Over 70 million people have been displaced or made refugees due to conflicts around the world that put them in peril. Approximately half of those impacted are kids, according to the International Rescue Committee (IRC). Specifically looking at one of the biggest crises today, five million Syrian children have been affected by the brutal Syrian Civil War.
Many of these kids have seen their family members murdered before their eyes, and have seen the kind of violence that kids shouldn’t have to witness. A way to reintegrate these children and create a safe space for them to blossom is absolutely vital. Enter “Ahlan Simsim,” or “Welcome Sesame,” an Arabic language equivalent to “Sesame Street.”
“Ahlan Simsim” is a collaboration between IRC and the Sesame Workshop which is set to premiere in February 2020, and will target children aged between 3 and 8.
The various partners involved in the production of “Ahlan Simsim” said that they hoped the show would help “heal the scars of war”.
The show itself will have two protagonists: Jad, a young boy Muppet who is a refugee kid, and Basma, a female Muppet who becomes Jad’s first friend when he moves to the neighborhood.
Jad and Basma will be joined by other beloved, original Sesame Street characters such as Elmo, Grover, and the Cookie Monster. When interviewed, the partners of this uplifting venture hope that “Ahlan Simsim” will help to “heal the scars of war” by creating “lasting solutions for children.” In short, in addition to teaching kids their ABC’s, “Ahlan Simsim” intends to show them good coping mechanisms. Kids will learn techniques such as counting to five to calm down and “belly breathing.”
In designing the premise of “Ahlan Simsim,” therapists, psychologists, and writers were asked to give their insight in order for the producers to give kids a show that will help them. This team did their research, and came together with a compilation of skills that those rebuilding their lives will need in order to enhance and enrich their lives.
I believe that with so many Syrian refugee kids having to relocate or go through traumatic experiences, this well-researched and sorely-needed show will hopefully teach them the right skills to help cope with the trauma they’ve experienced.
The positive effects of this show are two fold. First of all, it might offer a safe space for refugee kids to adapt to their new surroundings. After all, shows similar to this are often cited as the building blocks for young minds. I believe that with so many Syrian refugee kids having to relocate or go through traumatic experiences, this well-researched and sorely-needed show will hopefully teach them the right skills to help cope with the trauma they’ve experienced. Additionally, on the other side of the fence, it will no doubt be an eye-opening experience for those kids who haven’t experienced the trauma of war and being a refugee. Perhaps those who have only known comfort will become aware of the fact that there may be more than meets the eye where their newest playmates are concerned, and that empathy and patience is non-negotiable because you never know what someone has been through.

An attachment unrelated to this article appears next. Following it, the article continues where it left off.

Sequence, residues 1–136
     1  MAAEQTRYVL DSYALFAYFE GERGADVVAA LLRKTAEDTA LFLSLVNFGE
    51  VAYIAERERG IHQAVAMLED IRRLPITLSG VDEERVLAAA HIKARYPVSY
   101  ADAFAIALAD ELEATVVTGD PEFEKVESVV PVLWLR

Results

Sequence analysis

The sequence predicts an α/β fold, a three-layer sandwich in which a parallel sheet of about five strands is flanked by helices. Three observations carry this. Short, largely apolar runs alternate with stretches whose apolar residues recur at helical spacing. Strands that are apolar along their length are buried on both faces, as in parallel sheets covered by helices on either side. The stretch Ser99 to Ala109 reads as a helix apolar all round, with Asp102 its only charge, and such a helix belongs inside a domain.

Overall, this show is a step in the right direction. In fact, I hope one day there’s a similar show with similar values for teenagers to watch. In the meanwhile, a new generation will be watching “Ahlan Simsim” tailored to the global refugee crisis. It’s about time a show like this is produced.
The Canada-based former refugee creator of this show, a man named Mohammad Al Jamous said, “…the content is going to be helpful for the families and the kids in a way that will enhance their knowledge and their life and social skills.”
According to the IRC President and CEO, less that “2% of all humanitarian aid and funding goes on education, even though half of the world’s refugees are kids.” With the production of “Ahlan Simsim,” let’s hope this small investment in education kids on how to cope with trauma will prove massively therapeutic and educational.